• Preventing cross-site repurposing—Because ActiveX controls are installed on a user’s machine and can be downloaded from sites other than the site containing the <OBJECT> element, and because the Safe For Initialization and Safe For Scripting settings are simply globally on or off, you need to protect against attempted cross-site repurposing. One technique is to download and use the SiteLock template from the MSDN Web site. This template allows you to either restrict access so that a control is deemed safe in a predetermined list of domains or to customize behavior based on domain.

What are the alternatives?
In many cases, because ActiveX controls run well only in IE and because of the restrictions that can be applied at the browser, ActiveX controls are best suited for intranet environments where the client desktop is a known quantity.

However, even if you can make your control more secure by following the recommendations listed above, you should also determine whether an ActiveX control is the right tool for the job. There are, in fact, two other IE-based alternatives that you should consider:
  • DHTML behaviors—If the functionality you’re after is related to manipulation of the user interface to make it more responsive and Windows-like, you should consider DHTML behaviors. These are supported in IE 5.5 and higher and are used to encapsulate and reuse scripts. Being scripts, they have the advantage of running in a "sandboxed" environment; they don't allow cross-site referencing and are therefore secure.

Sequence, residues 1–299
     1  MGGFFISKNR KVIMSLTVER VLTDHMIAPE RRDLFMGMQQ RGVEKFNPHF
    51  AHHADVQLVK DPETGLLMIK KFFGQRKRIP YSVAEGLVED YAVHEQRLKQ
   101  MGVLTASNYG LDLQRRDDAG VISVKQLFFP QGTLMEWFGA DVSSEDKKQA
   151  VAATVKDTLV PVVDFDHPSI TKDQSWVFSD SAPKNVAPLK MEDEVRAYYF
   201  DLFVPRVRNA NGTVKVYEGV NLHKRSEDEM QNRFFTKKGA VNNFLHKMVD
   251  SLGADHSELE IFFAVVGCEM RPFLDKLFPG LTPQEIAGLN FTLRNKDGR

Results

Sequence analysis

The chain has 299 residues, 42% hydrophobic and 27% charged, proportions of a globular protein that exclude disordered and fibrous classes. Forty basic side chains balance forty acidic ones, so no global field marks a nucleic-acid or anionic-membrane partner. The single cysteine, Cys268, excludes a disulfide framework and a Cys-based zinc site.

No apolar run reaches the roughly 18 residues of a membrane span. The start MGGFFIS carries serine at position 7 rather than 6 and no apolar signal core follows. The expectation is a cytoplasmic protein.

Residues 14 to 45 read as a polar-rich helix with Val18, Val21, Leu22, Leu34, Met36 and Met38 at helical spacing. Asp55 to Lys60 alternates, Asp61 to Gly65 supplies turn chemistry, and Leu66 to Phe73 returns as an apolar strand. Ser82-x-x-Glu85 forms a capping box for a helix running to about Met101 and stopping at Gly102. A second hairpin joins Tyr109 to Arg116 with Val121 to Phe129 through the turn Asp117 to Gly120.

• Managed code and CAS—A second alternative is to design your controls using managed code in Visual Studio .NET. One of the great benefits of this alternative is that the .NET Framework goes a step further than simple identity-based security as used with ActiveX controls. The code access security (CAS) mechanism enforced by the common language runtime allows code (actually assemblies, the unit of deployment and security in the .NET Framework) to be assigned different levels of trust based on attributes of the code, such as its digital certificate or originating site or URL. In this way, coherent policies can be constructed that allow only code originating from known and trusted sources to execute on a PC with the .NET Framework.

For more information
To find out more about .NET security, read Dan's two previous articles on security in the .NET Framework:

Safety in mind
ActiveX controls are a powerful tool for Web developers looking to add rich user interface and tight integration with the underlying operating system. However, with their power comes responsibility, so you should always be aware of how you can design your controls with safety in mind.